- Interpreting plans, maps, charts and diagrams
- Processing information accurately
- Solving problems and puzzles
- Checking answers
- Ready reckoning
- Understanding and explaining situations
- Decision-making based on logical thinking and reasoning
Where numeracy may differ from mathematics is the focus on skills and competencies which are directly related to the use of numbers and related problem-solving in life contexts, as opposed to being asked abstract questions.
As with literacy rates, international studies suggest that there is a societal issue with levels of numeracy in the UK, with an estimated 9 million adults of working age with low numeracy skills (Fino, 2016) There are three times more low-skilled people in the age group 16-19 than comparator nations; younger generations are at a disadvantage compared not only to their international peers but to older generations, who have been seen to have greater levels of numeric abilities (Fino, 2016).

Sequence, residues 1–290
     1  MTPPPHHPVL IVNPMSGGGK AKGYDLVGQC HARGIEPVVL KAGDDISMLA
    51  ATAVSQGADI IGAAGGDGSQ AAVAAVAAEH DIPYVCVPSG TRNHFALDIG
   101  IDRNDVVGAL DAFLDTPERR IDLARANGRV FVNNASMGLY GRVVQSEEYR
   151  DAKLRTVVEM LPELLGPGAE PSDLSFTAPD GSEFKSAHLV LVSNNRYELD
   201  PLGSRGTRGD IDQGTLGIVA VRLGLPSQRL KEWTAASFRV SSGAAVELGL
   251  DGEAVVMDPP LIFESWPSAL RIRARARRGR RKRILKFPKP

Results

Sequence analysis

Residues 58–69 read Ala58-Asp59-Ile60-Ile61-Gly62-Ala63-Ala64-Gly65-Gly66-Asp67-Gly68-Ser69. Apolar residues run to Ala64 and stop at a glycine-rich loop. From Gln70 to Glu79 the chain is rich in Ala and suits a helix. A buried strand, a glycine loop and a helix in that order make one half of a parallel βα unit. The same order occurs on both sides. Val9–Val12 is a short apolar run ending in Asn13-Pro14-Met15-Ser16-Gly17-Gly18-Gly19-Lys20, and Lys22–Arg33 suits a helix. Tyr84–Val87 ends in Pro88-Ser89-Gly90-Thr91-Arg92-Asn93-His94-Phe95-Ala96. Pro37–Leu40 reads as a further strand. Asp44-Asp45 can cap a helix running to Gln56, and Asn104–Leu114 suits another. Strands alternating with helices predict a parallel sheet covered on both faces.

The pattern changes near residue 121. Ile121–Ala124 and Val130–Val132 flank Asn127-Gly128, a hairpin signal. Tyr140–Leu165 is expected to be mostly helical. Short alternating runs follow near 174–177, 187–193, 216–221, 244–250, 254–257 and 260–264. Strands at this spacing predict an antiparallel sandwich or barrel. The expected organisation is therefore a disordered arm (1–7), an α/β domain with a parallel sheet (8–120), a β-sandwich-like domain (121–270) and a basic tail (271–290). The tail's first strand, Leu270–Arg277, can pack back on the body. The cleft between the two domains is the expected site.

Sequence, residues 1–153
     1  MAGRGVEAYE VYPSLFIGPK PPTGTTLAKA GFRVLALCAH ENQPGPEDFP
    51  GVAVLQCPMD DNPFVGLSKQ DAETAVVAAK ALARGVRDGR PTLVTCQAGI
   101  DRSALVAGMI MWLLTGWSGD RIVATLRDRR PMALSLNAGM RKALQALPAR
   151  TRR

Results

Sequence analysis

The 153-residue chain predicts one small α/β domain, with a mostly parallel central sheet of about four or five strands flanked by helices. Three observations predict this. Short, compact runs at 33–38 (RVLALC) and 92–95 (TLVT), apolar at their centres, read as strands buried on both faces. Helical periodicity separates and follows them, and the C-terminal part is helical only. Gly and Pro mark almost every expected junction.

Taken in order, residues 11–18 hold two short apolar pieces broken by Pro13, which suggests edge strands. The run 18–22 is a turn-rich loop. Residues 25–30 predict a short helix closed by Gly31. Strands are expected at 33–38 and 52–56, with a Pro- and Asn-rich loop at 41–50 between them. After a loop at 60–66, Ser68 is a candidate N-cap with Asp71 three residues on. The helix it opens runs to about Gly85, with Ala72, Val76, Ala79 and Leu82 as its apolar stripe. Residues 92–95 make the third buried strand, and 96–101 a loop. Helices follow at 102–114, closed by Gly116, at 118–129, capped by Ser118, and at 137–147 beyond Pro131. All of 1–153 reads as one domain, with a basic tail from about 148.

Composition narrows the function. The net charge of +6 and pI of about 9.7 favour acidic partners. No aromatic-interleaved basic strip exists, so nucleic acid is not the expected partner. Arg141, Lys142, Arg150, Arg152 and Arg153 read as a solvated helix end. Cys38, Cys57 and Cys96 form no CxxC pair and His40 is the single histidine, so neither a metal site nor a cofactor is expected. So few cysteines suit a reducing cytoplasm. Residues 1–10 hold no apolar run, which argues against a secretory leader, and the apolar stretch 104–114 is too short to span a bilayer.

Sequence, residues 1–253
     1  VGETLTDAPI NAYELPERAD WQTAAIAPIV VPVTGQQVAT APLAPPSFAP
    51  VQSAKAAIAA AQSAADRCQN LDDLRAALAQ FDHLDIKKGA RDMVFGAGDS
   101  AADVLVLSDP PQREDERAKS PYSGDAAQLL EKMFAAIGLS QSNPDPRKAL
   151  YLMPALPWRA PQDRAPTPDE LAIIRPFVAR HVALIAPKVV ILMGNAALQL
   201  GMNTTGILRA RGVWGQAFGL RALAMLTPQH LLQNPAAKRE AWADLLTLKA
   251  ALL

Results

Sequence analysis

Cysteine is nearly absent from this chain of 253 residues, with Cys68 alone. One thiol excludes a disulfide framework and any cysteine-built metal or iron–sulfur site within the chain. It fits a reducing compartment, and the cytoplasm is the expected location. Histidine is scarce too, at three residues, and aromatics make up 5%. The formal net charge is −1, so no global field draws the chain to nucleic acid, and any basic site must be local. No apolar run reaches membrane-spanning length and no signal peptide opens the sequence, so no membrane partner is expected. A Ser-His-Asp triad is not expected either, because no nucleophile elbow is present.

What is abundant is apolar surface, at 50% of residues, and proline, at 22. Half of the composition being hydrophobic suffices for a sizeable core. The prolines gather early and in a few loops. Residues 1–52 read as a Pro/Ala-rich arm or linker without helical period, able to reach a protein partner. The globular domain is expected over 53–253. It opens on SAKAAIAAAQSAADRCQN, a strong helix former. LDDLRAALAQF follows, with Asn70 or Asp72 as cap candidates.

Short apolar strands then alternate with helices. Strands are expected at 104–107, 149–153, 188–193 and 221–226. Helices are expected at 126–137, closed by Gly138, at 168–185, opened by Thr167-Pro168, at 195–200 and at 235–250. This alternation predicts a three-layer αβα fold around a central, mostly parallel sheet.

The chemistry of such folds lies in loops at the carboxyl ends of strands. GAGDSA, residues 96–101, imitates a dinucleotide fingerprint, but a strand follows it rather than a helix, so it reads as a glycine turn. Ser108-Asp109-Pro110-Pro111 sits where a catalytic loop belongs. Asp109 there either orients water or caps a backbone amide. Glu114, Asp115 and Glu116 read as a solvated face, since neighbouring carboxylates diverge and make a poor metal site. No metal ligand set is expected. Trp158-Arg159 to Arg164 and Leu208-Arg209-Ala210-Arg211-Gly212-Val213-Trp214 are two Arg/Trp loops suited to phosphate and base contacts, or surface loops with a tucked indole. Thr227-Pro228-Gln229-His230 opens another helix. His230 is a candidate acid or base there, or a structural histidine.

Digital literacy may be defined as "the capabilities which fit someone for living, learning, and working in a digital society" (JISC, 2015). Learners need support with many aspects of their digital activity, and it is important that those needs are addressed, not merely for their present and future academic development, but for life skills and work-related competence for the future as well. The digital world is fast-evolving, and though the schoolchildren of today have grown up in a world where the internet and digital communications and entertainment have been ever-present, that does not mean that competencies with digital media can be assumed.
In addition, there are modes of engagement with digital environments, and in online activity and communication, which may represent hazards to children; there is a need also to teach and learn responsible and safe use of the internet and online communications, as well as to teach subject-specific and software-related skills. Risk areas might include access to sexual exploitation, access to pornography, access to violent imagery, the potential for being targeted for political and religious-motivated extremism, as well as fraud, cyber-crime, hate-crimes, self-harm and suicide ideation, and online harassment and bullying. Education represents a way to combat the pervasiveness of such potential harm, as well as to teach responsible and productive online activity and digital engagement (Palmer, 2015).